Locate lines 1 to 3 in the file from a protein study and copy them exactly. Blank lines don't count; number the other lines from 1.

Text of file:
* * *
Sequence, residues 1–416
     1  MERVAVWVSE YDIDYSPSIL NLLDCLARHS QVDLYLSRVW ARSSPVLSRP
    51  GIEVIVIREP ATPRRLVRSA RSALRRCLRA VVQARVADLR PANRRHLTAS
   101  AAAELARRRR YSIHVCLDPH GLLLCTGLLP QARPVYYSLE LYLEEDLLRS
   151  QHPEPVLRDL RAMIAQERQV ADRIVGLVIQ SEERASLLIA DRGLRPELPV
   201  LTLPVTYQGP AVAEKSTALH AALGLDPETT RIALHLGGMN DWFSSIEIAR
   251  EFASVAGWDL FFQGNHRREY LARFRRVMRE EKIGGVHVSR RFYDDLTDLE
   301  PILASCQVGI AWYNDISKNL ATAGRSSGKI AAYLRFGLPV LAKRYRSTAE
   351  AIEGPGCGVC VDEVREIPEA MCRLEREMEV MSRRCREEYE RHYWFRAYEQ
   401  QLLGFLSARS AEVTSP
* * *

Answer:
Sequence, residues 1–416
     1  MERVAVWVSE YDIDYSPSIL NLLDCLARHS QVDLYLSRVW ARSSPVLSRP
    51  GIEVIVIREP ATPRRLVRSA RSALRRCLRA VVQARVADLR PANRRHLTAS